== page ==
My last article discussed how crop selection, canopy and management contribute to a field’s overall weed management plan. Competitive crop selection and effective herbicides combined showed the …
My last article discussed how crop selection, canopy and management contribute to a field’s overall weed management plan. Competitive crop selection and effective herbicides combined showed the best long-term plan.
So, how does tillage, crop rotation and herbicides affect long-term, herbicide-resistant kochia management?
The latest research from the University of Wyoming’s plant sciences department explored the impacts of tillage, crop rotation, and herbicide applications on kochia density (surviving and living plants), seed production (seeds per plant) and seedbank density (seeds in soil).
Research explored tillage versus minimum tillage, four different crop rotations and three in-crop herbicide regimes within each tillage and crop rotation. Intensive tillage in the spring with a rototiller to invert the soil (comparable to plowing and disking operations) mixed the top 4 inches of the soil. Soil in minimum tillage plots was only disturbed when necessary because of harvest activities, such as with sugarbeets.
The four crop rotations were continuous corn, corn-sugar beet, corn-dry bean-corn-sugar beet, and corn-dry bean-small grain-sugar beet. The crops are common in Wyoming and also have diversity in canopy, planting, and harvest dates.
Three in-crop herbicide regimes were applied within each tillage and crop rotation treatment. The first was entirely ALS-inhibiting herbicides each year. The second was a tank mixture of ALS-inhibiting herbicides and a second mode of action to control ALS-resistant. The last was an annual rotation of non-ALS-inhibiting herbicide one year, then ALS-inhibiting herbicides the next year.
Herbicides were chosen for the highest labeled rate within the crop and would not cause a carryover problem for subsequent crops.
An annual spring tillage reduced kochia density better when compared to minimum tillage. Weed seeds were buried deep enough to block germination stimuli needed to trigger germination. This forces the seed to deplete energy reserves waiting for germination conditions and can kill the seed if that period is prolonged. This management is ideal for weed species with a short-lived seed life, such as kochia, whose seed life is approximately two years.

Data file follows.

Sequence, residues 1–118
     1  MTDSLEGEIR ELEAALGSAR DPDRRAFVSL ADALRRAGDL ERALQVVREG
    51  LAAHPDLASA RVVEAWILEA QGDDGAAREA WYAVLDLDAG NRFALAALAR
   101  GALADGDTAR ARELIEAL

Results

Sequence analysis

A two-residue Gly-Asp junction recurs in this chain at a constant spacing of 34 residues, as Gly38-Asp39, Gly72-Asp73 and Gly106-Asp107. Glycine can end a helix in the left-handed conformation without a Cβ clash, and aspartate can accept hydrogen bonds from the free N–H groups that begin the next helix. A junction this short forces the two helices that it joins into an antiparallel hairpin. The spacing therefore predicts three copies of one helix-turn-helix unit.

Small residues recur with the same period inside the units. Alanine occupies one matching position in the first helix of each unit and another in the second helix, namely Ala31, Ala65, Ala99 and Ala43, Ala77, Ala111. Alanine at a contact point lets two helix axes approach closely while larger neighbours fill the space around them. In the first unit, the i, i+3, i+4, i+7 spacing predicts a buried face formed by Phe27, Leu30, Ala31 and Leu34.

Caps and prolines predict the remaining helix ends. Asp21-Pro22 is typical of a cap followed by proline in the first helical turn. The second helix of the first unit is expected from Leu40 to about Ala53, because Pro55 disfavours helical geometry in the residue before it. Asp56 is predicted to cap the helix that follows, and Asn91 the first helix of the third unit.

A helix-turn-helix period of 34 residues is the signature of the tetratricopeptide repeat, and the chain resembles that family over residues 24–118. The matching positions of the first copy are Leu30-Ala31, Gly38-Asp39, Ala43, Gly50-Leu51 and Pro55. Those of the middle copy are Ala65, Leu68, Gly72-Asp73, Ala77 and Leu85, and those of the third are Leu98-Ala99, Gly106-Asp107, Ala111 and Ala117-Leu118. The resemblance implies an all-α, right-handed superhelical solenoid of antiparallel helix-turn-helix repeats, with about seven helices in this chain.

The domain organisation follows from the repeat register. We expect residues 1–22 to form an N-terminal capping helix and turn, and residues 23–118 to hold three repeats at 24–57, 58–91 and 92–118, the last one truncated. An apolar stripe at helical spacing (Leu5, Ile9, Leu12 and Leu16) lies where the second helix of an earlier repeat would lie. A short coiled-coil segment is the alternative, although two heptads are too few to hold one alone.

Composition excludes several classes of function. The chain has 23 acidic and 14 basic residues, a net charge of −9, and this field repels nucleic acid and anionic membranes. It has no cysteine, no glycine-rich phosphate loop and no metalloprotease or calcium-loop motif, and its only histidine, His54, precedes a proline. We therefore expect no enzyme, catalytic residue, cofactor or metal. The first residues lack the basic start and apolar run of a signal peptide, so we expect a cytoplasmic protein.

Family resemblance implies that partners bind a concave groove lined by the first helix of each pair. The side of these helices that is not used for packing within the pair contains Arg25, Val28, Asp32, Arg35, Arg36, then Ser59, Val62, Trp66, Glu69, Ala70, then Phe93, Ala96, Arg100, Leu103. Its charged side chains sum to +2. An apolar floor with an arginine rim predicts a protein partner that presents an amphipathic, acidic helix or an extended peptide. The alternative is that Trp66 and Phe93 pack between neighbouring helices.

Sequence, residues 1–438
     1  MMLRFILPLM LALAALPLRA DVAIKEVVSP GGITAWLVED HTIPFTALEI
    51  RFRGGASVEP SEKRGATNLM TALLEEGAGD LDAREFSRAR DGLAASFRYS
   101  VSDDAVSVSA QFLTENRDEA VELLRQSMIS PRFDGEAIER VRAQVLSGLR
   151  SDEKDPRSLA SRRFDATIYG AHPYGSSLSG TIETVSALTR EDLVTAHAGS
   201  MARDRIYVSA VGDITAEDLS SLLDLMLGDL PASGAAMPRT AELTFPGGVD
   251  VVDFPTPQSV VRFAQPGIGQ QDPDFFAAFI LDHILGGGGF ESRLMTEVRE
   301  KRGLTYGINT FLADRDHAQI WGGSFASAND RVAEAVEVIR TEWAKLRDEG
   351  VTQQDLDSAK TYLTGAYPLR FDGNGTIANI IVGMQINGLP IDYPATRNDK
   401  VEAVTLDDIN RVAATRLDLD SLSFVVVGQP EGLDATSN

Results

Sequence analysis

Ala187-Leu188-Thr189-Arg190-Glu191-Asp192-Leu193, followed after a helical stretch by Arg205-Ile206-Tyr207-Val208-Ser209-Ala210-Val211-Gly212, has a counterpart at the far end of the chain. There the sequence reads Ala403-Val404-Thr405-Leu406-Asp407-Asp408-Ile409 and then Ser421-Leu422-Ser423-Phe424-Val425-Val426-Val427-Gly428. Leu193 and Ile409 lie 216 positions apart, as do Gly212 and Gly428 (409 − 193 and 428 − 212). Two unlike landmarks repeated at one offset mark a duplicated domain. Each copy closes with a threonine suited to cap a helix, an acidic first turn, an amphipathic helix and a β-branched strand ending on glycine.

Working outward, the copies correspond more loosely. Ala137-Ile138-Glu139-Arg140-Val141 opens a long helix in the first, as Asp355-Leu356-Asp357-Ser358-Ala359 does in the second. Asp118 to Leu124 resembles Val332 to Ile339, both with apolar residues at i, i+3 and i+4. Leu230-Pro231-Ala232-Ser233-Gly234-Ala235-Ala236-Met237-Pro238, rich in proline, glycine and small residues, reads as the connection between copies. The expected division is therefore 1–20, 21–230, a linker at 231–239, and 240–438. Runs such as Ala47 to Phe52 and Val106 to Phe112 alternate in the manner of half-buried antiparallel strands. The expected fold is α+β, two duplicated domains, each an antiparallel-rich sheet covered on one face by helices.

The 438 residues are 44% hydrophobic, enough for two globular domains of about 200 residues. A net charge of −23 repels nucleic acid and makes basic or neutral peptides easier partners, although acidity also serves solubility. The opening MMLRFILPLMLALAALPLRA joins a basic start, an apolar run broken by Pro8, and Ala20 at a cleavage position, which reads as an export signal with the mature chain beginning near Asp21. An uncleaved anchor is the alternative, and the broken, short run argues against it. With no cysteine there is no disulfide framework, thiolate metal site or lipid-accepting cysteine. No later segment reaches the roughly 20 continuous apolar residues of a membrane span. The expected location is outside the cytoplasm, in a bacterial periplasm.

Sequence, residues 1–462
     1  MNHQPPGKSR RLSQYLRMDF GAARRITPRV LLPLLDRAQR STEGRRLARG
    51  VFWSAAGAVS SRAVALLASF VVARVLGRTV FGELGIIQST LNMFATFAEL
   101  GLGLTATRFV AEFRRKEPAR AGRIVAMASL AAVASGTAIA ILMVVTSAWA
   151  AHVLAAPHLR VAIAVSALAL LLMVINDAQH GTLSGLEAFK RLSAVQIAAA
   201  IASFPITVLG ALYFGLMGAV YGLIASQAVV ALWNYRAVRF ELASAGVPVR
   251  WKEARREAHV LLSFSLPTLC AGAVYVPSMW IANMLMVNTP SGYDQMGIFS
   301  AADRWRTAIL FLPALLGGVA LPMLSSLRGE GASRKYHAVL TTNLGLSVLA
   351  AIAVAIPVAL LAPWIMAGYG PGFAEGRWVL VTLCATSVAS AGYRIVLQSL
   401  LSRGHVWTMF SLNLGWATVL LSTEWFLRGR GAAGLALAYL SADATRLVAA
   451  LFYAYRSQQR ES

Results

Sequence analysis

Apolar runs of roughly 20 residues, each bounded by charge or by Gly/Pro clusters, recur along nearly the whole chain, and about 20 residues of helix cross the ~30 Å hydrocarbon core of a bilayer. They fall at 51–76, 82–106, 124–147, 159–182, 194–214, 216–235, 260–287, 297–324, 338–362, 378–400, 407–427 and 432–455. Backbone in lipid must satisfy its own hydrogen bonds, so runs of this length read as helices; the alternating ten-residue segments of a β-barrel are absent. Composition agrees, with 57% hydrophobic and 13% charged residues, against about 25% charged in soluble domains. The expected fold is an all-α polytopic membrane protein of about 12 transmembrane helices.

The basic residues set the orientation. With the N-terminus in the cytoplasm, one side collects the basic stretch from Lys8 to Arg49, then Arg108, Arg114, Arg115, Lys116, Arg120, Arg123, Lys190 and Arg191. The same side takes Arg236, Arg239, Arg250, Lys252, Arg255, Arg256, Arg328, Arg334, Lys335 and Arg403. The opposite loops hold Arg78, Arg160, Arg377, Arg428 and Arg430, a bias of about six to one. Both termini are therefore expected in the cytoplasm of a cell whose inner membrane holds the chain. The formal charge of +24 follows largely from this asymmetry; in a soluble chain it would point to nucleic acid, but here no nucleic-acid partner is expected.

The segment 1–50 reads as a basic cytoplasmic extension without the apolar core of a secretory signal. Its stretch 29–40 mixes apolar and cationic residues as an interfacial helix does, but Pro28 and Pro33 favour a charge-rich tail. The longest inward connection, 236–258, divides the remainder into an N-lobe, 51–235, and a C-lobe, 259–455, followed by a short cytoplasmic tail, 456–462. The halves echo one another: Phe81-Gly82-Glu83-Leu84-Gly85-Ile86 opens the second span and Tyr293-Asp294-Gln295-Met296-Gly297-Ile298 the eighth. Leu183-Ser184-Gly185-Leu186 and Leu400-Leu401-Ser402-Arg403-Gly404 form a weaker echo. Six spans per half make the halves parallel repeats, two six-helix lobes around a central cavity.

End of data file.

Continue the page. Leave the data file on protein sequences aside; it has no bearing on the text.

Kochia plant densities were also the lowest in the most diverse crop rotation: corn-dry bean-small grain-sugar beet. The two crop rotation, corn-sugar beet, showed the greatest kochia density, followed by continuous corn.
These results prove the importance of diverse crops within a crop rotation — and equally important is selecting a crop proven competitive against the desired weed species and the weed’s lifecycle. Small grains (wheat or barley) were the most competitive crop, whereas sugar beets are a poor competitor against weed species like kochia.
As for the herbicide regimes overlaid on the tillage and crop rotation treatments, ALS-inhibiting herbicide tank mixtures consistently managed the lowest kochia densities. Herbicide mixtures are more effective at controlling resistant weed populations compared to yearly herbicide rotations. Weed management programs should diversify herbicide controls every season instead of every other year.
Intensive tillage did not directly impact kochia seed production similarly to minimally tilled plots. Tillage was early in the spring and would not have affected any surviving kochia plant’s seed production during the growing season.
The continuous corn and the four-crop rotation caused the least amount of kochia seed per plant. This indicates diversity to the crop rotation is not necessarily beneficial to weed management, and that proper selection of crops within a given rotation is just as important as diversifying a crop rotation. This is seen when the crop rotation was diversified with adding sugar beets to the rotation (corn-sugar beet), resulting in the greatest amount of seed production per kochia plant, compared to the continuous corn (no crop rotation diversity) treatment that had lower seed production.
Similar to the kochia density, the ALS-inhibiting herbicide tank mixtures consistently managed the lowest kochia densities, while the ALS-inhibitor herbicides-only treatments were the highest seed production.
Lastly, the results of the kochia seedbank density tests indicated that minimally tilled plots were three to five times greater than intensively tilled plots. The four-crop rotation had the least amount of kochia seed per unit area throughout the duration of the study, whereas there was no difference between the other three crop rotation treatments.
Again, the ALS-inhibitor herbicide tank mixture resulted in the least kochia seeds within the soil seedbank. Interestingly, the annual rotation of ALS-inhibitor with non-ALS-inhibitor herbicide rotation not only was less effective at reducing the weed seedbank, but there was no significant difference in the weed seedbank when compared to the ALS-inhibitor herbicide-only treatment for the four years of the study.
So what does this mean? Integrating a diverse weed management program for herbicide resistance kochia is advantageous. This study also demonstrates that implementing diverse cultural and mechanical weed management programs effectively outweigh the benefits of only relying on a diverse chemical weed management program.
An effective long-term proactive weed management program, especially for herbicide resistant weeds, must not only control weeds above the soil surface but also reduce weed seed production and the soil weed seedbank.
(Jeremiah Vardiman is an agriculture and horticulture extension educator for the University of Wyoming Extension. He is based in Powell.)